HDOA poised to acquire 21,672 acres of ag land
Nov 28, 2023
Ninety-nine agriculture parcels, totaling 21,672 acres, could soon be transferred to the Hawaii Department of Agriculture (HDOA). This comes after the Hawaii Board of Agriculture (BOA) voted in October to accept the transfer of parcels from the Department of Land and Natural Resources (DLNR). The action is now with the Board of Land and Natural Resources for concurrence.
In August, BOA approved the transfer of four parcels, totaling 36,005 acres, which is currently in the final process of transfer from the DLNR to HDOA. The land transfer was possible because of a 2003 Hawaii State Legislature mandate under Act 90 that was codified as Chapter 166E, HRS. The recent land transfers are significant progress after nearly two decades.
The lands being transferred will be used for various agricultural purposes, mainly pasture and ranching. Ulupono Initiative supports the transfer of the lands because it will allow the state to grow its own food. Additionally, it will help local ranchers, who are a critical component of assuring food security for the state with long term, affordable lease rates. The local livestock industry serves as stewards of the land, which in turn provides an increase in productivity and yields while also maintaining natural resources.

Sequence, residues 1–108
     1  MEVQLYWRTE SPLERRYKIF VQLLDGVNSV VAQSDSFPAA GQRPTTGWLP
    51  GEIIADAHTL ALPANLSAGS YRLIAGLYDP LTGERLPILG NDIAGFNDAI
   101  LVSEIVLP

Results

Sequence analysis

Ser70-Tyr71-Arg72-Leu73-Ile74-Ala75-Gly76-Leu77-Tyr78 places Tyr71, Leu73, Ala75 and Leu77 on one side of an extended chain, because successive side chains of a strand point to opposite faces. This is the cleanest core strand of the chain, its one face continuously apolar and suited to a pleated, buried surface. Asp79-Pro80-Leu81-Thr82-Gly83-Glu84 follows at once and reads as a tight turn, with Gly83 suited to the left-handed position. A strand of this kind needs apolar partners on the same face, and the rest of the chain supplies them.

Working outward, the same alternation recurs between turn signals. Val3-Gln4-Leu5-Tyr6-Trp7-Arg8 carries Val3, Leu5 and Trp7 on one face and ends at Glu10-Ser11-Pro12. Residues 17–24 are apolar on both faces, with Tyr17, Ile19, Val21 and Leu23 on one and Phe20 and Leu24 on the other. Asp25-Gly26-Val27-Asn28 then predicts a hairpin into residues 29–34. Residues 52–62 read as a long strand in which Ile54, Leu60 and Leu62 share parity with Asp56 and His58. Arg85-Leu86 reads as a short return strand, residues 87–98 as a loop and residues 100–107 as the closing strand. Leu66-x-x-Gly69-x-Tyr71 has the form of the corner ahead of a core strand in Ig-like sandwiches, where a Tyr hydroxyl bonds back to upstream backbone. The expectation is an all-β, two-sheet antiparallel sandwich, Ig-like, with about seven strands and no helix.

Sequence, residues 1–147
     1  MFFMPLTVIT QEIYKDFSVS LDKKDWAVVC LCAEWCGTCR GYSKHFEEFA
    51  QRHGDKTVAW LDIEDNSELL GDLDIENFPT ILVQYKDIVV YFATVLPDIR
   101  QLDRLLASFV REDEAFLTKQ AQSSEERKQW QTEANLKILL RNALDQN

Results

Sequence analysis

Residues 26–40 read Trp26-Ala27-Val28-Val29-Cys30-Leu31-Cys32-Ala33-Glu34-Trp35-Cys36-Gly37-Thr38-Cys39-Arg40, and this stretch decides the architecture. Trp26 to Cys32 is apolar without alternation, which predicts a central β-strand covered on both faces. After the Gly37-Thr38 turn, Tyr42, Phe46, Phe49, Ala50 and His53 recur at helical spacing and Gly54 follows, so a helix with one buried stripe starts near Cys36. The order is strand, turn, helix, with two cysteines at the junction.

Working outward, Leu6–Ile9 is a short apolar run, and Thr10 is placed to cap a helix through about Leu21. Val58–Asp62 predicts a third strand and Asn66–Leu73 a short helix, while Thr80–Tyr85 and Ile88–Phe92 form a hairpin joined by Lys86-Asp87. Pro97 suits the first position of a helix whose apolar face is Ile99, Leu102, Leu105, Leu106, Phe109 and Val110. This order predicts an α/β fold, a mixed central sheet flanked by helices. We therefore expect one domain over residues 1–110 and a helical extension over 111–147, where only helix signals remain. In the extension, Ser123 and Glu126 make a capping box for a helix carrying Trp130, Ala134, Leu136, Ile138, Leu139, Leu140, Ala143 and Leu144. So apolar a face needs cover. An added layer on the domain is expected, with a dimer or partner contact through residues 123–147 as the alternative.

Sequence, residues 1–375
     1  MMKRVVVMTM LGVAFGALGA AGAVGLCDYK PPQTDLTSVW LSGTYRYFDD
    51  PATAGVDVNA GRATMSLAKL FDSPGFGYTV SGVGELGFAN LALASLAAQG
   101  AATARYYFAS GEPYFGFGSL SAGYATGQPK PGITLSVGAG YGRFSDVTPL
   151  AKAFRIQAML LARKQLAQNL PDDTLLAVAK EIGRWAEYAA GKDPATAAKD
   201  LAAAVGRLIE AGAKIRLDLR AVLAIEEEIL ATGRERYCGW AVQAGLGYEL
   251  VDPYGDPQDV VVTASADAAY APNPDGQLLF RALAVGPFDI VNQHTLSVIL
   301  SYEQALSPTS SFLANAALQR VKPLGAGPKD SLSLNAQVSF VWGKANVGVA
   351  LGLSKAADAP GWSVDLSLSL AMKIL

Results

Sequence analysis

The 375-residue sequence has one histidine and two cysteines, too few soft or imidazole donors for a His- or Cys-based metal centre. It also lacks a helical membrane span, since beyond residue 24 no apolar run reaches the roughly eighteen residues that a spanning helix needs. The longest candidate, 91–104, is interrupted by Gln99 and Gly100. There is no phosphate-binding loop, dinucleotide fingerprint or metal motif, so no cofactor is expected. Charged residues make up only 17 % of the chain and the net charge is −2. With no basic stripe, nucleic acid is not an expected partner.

“This has been a long time coming and we are glad that this is one step closer to fulfilling the legislature’s mandate,” said Sharon Hurd, chairperson of the HBOA. “Wherever I go in the state, ranchers have been asking about the transfer and we appreciate their patience and want to let them know that following through with Act 90 is a priority ... I must commend the work of HDOA’s Agricultural Resource Management Division and DLNR’s Land Division for forging ahead and conducting the due diligence that is required.”
In written testimony submitted earlier this year to the state Legislature, Ulupono Initiative stated: “We continue to believe that HDOA’s affordable, long-term leases allow local ranchers to immediately take advantage of existing, appropriate lease structures that incentivize long-term investments into their respective operations, improving economic viability, and increasing local food production for the state.”
Read HDOA’s press release on Act 90 here.